There was uproar the other week when Jeremy Corbyn announced he was “absolutely fine” with there being another independence referendum in Scotland. MP for Edinburgh South, Ian Murray, tweeted, “Ladies and Gentlemen I give u Jeremy Corbyn. He’s destroying the party that soo [sic] many need.”
Many read his comments, saying that Labour would not block an indyref2 in the UK Parliament, as an undermining of Scottish labour – whose MSPs, councillors and activists have been furiously fighting against another vote on the subject (he later clarified his comments – blaming “misreporting” by the media – whilst maintaining that Labour would not block a request by Holyrood to hold another independence poll).
I can understand why Jeremy Corbyn does not want to be seen to be part of a Westminster effort to block a referendum which MSPs may vote to hold this week. He fears Labour may again be boxed in as part of the “Westminster bubble,” an idea which contributed to many Scots voting to leave the union in 2014, and then contributed to Labour’s wipe out in Scotland in 2015.
Yet a cursory look at the polls reveals that, despite Nicola Sturgeon’s recent sabre rattling on the matter, only about a quarter of Scots want another referendum. Like much of the rest of the country, most people in Scotland are probably suffering referendum fatigue and do not want another heated and divisive independence vote which will split families, friends and communities when wounds are still healing from the last one.
Moreover, the number of those wanting to leave the UK is virtually the same as it was in the 2014 referendum – around 45%. In their 2016 manifesto for the Scottish elections the SNP suggested they would only hold another referendum “if it is clear that more than half of the people in Scotland want independence.” According to the polls, they do not. It would therefore have been very easy for Corbyn to have taken a more supportive stance towards the Scottish branch of his party and simply say that there appears to be no appetite for another independence vote among Scots and that the SNP has no mandate for another vote according to its own criteria.
Instead, his “anything goes” line was a minor boon to Scottish Nationalists, with Nicola Sturgeon tweeting tongue-in-cheek: “Always a pleasure to have @jeremycorbyn campaigning in Scotland”. Afraid of coming across as too hard a unionist, Jeremy Corbyn risks leaving Labour stuck in the middle, between the unionist Conservatives and separatist Scottish Nats, in the battle over Scotland’s relationship with the rest of the UK.
There are signs that Labour is already beginning to be squeezed out of the debate. In the 2016 Scottish Parliamentary elections, the Scottish Tories, in one reporter’s words, “pitched themselves as the clear, unambiguous unionist choice,” and doubled their vote from 2011, jumping from 250,000 to half a million. The Tory’s charismatic leader, Ruth Davidson, probably did them no harm either. The Scottish Labour leader, Kezia Dugdale, on the other hand, dealt a self-inflicted blow when she said during the campaign that she might vote for independence if Britain were to leave the EU – a careless slip which was seized upon by Davidson as proof that Labour’s apparent unionism could not be trusted. With its messaging muddled, Labour lost 14 seats, whilst the Conservatives gained 16, pipping Labour to second place – to universal surprise. To paraphrase Alex Massie, Scottish editor of the Spectator, Labour were unable to out-Nat the Nats or out-Unionist the Tories.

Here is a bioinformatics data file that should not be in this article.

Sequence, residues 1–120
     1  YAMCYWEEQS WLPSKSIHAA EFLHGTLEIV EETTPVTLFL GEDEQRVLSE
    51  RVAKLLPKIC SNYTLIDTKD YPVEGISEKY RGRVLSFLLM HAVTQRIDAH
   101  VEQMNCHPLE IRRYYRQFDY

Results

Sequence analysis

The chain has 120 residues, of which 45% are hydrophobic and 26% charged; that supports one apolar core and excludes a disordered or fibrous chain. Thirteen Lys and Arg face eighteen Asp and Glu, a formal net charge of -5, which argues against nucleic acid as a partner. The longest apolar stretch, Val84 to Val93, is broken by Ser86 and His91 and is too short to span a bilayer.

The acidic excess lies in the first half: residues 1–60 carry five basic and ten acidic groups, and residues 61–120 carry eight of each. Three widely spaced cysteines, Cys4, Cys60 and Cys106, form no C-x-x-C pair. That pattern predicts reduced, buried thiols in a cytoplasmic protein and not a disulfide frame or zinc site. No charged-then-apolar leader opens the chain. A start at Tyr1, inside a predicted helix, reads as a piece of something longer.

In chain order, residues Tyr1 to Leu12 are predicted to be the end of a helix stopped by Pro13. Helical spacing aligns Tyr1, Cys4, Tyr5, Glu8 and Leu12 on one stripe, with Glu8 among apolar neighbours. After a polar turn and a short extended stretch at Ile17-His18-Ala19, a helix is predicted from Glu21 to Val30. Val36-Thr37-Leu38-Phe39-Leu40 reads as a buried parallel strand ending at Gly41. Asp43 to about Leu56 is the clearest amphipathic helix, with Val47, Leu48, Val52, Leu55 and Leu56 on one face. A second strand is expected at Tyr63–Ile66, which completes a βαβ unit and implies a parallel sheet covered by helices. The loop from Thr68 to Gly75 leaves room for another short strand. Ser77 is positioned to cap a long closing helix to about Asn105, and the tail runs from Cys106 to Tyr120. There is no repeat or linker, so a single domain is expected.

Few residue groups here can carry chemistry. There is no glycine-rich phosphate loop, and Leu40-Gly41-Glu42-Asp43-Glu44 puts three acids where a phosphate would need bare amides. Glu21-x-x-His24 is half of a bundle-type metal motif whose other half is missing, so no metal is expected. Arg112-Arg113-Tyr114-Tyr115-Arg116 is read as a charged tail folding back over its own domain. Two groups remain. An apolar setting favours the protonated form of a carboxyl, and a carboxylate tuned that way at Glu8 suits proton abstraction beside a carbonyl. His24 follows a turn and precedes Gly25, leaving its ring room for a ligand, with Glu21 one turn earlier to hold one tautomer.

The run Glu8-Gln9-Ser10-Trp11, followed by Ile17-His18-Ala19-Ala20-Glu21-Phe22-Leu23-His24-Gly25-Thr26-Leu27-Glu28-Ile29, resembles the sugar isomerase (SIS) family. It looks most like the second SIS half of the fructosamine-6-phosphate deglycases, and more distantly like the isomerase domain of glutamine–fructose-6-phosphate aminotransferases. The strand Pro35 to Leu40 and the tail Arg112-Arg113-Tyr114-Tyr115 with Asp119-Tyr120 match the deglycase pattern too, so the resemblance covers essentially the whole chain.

As with Brexit, where it finds itself sandwiched between Theresa May’s fervently pro-Brexit Conservative government and the still passionately Europhilic Lib Dems, Labour may soon end up in political no man’s land on the matter of Scottish independence, making any sort of renaissance north of Hadrian’s Wall next to impossible.
In 2015, when Corbyn first became leader of the party, his supporters said that at the very least he might be able to attract more Scottish voters back into the party who had thought that previously Labour had been too similar to the Tories. I even invited the prospect myself. But after eighteen months as leader Corbyn has disappointed on this point, as he has on pretty much every other point. In fact, because he has destroyed Labour’s chances of government, his mere presence as leader is an argument for independence to left-leaning Scots.
If the Labour party doesn’t manage to tread a strong, alternative unionist path to the Conservatives then it faces becoming an irrelevancy on the Scottish Question as it is in danger of doing so on the Brexit Question. On both questions its leadership appears to have no answers. Yet these are the two biggest questions in British politics today – perhaps the two biggest questions in a generation: How should we keep the union together and what should Britain’s settlement with the EU look like after Brexit? If Labour’s leadership can’t come up with anything convincing, it might as well throw in the towel.